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This article was published 21/9/2018 (1048 days ago), so information in it may no longer be current.
SAN JUAN, PUERTO RICO — Nine months after the murder of Adam Anhang, his widow was in Florence, Italy, out of the reach of U.S. authorities, so broke she couldn’t afford deodorant or toothpaste, while awaiting the outcome of her lawsuit for a share of her late husband’s estate.
Aurea Vazquez-Rijos is on trial for conspiring to have the 32-year-old former Winnipegger murdered in San Juan in 2005. Evidence Thursday in the form of emails between her and family members in Puerto Rico portrayed a fugitive at her wits’ end, 7,000 kilometres from home.
"I need money," she wrote in an email, "I have nothing to eat or for the phone, and mom’s phone is not accepting collect calls. I need money desperately in my account."
In another email, dated July 24, 2006, she wrote from Italy: "My (arm)pits and mouth stink. I’m f----d. I always stink and sweat. Send me $$$ to buy deodorant and toothpaste." She asked her family members to deposit money in a bank account she would be able to access.
Prosecutors also produced an email Thursday that referred to Vazquez-Rijos’s 2006 civil suit against the Anhang family in a bid for a share of her husband’s estate, estimated at $24 million. Her sister, Marcia, writes about the "stubbornness" of Adam Anhang’s father, Abe, in refusing to release any money, and adds: "That old man will pay sooner or later."
The elder Anhang, who is attending the trial, never did pay. The case was eventually dismissed because Vazquez-Rijos failed to show up in a Puerto Rico federal court.
In 2008, a U.S. grand jury indicted her for the murder-for-hire of her husband after police arrested the killer, Alex Pabon, a drug dealer known as "El Loco." He confessed Vazquez-Rijos, her sister Marcia and boyfriend Jose Ferrer Sosa had promised to pay him $3 million for the killing. All three are facing possible life imprisonment in this case.
Anhang was slain shortly after midnight on Sept. 22, 2005, at an intersection in Old San Juan, a prime tourism area, when Pabon attacked him with a cobblestone and a knife.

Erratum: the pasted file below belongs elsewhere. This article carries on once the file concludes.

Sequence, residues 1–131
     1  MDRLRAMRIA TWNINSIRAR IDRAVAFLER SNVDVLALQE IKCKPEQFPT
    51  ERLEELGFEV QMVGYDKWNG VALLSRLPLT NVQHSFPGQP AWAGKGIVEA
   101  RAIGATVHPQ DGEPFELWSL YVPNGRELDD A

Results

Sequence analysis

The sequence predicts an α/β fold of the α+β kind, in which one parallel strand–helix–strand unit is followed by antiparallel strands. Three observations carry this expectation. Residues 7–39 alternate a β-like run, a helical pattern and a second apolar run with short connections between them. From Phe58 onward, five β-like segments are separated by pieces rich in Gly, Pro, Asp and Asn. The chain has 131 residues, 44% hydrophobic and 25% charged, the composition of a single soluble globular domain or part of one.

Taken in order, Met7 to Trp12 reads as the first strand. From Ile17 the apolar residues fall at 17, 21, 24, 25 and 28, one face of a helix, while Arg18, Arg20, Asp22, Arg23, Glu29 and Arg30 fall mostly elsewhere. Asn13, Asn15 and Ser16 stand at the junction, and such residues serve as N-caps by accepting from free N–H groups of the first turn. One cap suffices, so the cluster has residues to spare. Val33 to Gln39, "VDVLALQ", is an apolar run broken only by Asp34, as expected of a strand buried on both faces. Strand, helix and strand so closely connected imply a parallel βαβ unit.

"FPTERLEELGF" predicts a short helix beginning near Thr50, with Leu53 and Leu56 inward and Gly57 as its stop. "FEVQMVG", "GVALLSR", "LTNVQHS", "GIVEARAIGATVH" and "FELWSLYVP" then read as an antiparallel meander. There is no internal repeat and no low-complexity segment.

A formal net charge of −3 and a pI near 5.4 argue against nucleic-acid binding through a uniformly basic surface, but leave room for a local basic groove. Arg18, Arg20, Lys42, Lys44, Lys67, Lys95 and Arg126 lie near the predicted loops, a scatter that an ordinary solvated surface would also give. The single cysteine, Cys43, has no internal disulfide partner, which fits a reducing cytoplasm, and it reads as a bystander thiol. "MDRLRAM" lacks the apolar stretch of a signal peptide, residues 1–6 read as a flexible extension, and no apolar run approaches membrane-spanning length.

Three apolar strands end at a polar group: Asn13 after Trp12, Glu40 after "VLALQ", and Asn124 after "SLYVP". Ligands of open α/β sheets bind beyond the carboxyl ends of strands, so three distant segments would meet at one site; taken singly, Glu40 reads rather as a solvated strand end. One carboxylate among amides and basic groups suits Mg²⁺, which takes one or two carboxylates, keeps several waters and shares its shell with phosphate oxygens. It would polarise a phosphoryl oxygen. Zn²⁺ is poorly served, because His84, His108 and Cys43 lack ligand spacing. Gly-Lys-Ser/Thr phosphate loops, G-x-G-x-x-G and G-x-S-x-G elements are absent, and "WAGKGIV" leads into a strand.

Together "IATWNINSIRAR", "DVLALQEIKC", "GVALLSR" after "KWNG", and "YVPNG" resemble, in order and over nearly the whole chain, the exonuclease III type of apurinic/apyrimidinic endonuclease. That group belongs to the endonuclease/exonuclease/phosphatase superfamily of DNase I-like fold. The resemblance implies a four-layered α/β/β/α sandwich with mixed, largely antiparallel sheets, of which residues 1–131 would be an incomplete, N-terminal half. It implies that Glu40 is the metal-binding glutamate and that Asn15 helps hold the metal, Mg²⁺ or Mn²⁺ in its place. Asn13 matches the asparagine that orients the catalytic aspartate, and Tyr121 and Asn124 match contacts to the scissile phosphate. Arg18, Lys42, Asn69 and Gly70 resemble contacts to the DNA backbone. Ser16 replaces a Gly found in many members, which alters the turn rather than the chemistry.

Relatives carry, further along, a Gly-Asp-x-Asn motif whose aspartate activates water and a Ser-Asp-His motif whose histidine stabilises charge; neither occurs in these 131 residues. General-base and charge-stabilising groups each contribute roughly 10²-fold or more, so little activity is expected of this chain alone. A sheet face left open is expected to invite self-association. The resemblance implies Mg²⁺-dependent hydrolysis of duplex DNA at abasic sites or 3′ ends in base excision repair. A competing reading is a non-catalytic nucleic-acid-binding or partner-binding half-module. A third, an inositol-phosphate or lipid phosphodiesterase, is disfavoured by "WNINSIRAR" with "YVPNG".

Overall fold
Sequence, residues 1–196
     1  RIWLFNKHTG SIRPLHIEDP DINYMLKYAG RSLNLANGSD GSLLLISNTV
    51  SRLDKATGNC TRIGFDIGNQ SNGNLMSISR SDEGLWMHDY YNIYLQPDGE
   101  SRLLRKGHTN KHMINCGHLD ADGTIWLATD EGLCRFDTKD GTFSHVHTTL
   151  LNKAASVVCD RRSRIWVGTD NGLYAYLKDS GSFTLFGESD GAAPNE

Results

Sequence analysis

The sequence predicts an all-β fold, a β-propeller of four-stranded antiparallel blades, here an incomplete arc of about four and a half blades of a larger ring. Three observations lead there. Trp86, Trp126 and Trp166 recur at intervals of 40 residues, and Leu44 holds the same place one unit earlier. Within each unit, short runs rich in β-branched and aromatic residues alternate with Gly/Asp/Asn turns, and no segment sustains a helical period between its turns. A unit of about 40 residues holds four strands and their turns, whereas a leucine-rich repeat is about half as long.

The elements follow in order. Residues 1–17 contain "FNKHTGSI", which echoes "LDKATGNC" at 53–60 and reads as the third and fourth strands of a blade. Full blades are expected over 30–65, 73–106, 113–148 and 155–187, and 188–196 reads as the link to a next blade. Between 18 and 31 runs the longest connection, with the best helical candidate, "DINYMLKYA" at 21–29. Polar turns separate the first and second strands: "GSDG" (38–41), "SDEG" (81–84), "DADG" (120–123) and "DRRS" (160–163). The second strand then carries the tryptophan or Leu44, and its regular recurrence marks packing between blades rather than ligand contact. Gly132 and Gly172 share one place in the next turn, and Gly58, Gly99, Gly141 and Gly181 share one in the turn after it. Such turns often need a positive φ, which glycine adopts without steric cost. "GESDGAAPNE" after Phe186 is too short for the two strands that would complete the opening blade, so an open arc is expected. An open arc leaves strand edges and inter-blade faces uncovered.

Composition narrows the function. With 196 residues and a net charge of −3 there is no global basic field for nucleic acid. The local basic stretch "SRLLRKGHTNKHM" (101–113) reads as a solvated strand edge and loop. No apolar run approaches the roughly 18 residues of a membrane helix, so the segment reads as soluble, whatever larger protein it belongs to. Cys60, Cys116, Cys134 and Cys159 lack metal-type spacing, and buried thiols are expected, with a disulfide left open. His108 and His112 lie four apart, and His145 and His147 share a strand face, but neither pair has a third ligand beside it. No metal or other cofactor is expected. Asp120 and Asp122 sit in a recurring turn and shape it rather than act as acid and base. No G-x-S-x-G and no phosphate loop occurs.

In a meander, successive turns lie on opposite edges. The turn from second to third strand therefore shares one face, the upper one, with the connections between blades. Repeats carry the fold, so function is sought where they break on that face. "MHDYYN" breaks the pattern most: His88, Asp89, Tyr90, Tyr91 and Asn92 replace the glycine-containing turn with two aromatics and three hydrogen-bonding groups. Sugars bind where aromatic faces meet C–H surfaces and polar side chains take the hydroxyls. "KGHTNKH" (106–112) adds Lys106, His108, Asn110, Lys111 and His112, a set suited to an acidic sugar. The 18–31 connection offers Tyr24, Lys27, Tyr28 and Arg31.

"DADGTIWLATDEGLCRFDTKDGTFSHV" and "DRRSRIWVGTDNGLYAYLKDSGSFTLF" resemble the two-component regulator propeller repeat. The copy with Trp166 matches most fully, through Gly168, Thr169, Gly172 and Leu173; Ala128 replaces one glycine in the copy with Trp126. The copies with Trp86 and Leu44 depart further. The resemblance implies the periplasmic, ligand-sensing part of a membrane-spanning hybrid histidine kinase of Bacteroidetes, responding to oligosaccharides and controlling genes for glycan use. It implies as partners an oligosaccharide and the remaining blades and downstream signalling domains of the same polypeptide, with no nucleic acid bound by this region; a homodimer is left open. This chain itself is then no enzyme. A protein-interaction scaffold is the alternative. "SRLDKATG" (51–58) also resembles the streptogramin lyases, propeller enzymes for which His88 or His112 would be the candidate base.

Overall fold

Marcia also wrote in a 2007 email "things are heated" in Puerto Rico, and tells Vazquez-Rijos: "Watch your back, there are lots of enemies close by who you owe for a long time." Prosecutors did not immediately produce any evidence to show who the "enemies" of Vazquez-Rijos were.
Vazquez-Rijos replies: "We are all in the same boat... What we have to do is pray, and ask a lot of God."
Earlier evidence has shown the three accused met with Pabon the day before the killing and asked him to make the attack look like a robbery. Vazquez-Rijos was afraid Anhang would follow through on a threatened divorce and she would not get a substantial share of his estate.
The emails produced at the trial were gathered from Yahoo and Google by means of FBI search warrants. Puerto Rico is an unincorporated U.S. territory.
Other documents released Thursday describe efforts by Vazquez-Rijos and her family to fabricate a false family history of adherence to the Jewish faith. Included was a letter from her father saying, "My daughter always wanted to go back to the roots of her origin."
The fabrication included forged birth certificates for the father and mother and claims of Jewish heritage. It’s believed Vazquez-Rijos was hoping eventually to find refuge in Israel and take advantage of its laws protecting Jewish citizens against extradition.
Vazquez-Rijos evaded arrest in Europe for five years. She worked as a travel agent and gave birth to three children, including twin girls, in what prosecutors believe was a strategy to avoid extradition. One of the children was born in a Spanish prison, where she was held from 2013 to 2015. It’s been reported the father was another inmate.
While she was on the loose in Europe, Abe Anhang had an Italian private eye tracking her movements and activities. She was eventually captured in an FBI sting operation.